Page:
November is National Native American Heritage Month. This observance commemorates the history, heritage, and culture of Native Americans and Alaskan Natives. It is during this month we acknowledge the vast achievements of America’s original indigenous people. This month is also a time to educate, examine, and raise awareness about the unique challenges and sufferings Native people and communities have faced historically and continue to contend with.
Land acknowledgment is a traditional custom that dates back centuries in many Native nations and communities. Today, land acknowledgments are used by Native Peoples and non-Natives to recognize Indigenous Peoples who are the original stewards of the lands on which we now live.The University of Scranton has officially adopted a Land Acknowledgment Statement to recognize and honor the traditional and ancestral homelands of the Lenape, the Munsee, the Shawnee and the Susquehannocks in Northeastern Pennsylvania. The Statement reads:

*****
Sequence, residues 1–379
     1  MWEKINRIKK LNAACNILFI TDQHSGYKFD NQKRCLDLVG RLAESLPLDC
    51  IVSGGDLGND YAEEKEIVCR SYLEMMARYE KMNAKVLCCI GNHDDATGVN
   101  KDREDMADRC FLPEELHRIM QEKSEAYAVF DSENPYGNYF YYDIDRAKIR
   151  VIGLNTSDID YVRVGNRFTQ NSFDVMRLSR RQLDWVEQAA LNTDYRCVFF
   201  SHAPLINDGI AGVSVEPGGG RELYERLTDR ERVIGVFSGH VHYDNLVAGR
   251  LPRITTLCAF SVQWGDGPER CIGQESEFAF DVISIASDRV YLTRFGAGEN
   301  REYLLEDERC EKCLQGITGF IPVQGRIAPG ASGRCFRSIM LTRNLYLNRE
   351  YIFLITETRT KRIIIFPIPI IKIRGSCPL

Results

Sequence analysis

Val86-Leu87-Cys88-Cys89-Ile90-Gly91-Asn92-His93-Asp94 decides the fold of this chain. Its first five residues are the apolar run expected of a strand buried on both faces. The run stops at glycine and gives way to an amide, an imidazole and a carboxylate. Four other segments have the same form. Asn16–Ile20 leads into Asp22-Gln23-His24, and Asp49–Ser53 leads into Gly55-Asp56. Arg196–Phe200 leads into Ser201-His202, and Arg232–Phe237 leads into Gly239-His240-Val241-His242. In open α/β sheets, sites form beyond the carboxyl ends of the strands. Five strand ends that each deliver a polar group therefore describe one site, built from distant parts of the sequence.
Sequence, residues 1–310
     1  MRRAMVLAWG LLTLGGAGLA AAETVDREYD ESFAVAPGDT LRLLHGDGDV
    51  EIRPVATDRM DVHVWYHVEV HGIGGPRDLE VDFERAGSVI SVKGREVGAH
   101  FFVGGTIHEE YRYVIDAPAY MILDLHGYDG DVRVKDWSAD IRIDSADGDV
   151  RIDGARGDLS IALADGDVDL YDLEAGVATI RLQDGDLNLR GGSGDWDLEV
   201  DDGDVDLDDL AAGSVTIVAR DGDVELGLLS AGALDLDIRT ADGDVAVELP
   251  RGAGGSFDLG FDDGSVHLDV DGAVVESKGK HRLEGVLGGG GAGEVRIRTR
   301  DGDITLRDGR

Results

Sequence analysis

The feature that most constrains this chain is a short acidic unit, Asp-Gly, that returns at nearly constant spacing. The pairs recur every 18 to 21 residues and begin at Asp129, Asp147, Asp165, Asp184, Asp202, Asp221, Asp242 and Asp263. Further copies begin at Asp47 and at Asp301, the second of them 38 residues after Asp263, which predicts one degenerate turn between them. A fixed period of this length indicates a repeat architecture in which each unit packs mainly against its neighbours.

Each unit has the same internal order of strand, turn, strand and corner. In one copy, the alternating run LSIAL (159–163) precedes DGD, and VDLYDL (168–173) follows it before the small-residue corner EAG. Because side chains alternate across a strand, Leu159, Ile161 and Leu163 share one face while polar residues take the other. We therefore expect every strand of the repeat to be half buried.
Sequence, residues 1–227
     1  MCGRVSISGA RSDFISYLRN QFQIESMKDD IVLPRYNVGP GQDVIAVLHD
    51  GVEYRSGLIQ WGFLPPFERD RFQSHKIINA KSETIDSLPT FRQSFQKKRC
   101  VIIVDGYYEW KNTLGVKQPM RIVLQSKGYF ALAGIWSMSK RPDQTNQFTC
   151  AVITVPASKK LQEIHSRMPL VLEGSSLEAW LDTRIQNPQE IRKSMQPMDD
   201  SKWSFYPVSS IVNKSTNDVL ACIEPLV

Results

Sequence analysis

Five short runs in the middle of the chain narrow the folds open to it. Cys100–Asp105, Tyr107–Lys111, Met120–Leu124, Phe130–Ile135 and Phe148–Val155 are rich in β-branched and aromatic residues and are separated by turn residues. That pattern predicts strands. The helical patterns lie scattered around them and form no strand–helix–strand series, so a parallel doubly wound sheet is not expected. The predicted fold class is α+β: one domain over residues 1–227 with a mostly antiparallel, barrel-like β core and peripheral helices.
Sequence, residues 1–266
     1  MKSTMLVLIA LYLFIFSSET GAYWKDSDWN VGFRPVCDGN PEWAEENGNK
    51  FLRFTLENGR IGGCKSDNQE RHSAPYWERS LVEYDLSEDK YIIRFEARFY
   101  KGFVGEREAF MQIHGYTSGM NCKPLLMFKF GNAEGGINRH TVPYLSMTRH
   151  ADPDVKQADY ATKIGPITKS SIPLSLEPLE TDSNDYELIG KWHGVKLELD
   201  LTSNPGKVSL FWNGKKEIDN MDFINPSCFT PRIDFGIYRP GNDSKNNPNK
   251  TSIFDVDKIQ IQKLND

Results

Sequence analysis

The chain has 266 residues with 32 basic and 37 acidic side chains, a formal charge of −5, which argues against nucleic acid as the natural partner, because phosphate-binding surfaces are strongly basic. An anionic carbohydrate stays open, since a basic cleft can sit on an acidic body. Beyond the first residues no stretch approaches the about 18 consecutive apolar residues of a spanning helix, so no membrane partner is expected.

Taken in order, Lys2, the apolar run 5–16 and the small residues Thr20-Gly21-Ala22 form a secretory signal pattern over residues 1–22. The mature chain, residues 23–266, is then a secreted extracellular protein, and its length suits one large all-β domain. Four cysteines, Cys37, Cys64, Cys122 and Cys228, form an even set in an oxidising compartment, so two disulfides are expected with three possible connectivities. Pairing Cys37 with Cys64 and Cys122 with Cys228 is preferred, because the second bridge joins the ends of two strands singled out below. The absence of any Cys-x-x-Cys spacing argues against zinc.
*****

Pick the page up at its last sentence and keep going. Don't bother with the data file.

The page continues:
The University of Scranton acknowledges the original inhabitants and nations of this land: the Lenape, the Munsee, the Shawnee and the Susquehannocks. May we be ever mindful of their legacy and contributions and commit ourselves to stewarding this land with care and compassion as we navigate our communities towards faith and justice.
The Weinberg Memorial Library faculty, staff, and administration join University President Fr. Marina and the broader university community in acknowledging the land as an act of reconciliation that honors the authentic history of the original people of this territory.The library has chosen to add this land acknowledgement to our website under the “About the Library” section.
The library also wishes to recognize Dr. Adam Pratt, associate professor of history, and his research students, Peter Burke and Katia Ramirez, for assisting with the development of this statement. The Land Acknowledgement will also be posted on the University’s Diversity Equity and Inclusion website and on the Office of Equity and Diversity’s website. Faculty, staff, and students are encouraged to read the university land acknowledgement statement at the start of events whenever possible. For more information on land acknowledgement, see the US Department of Arts & Culture’s Honor Native Land.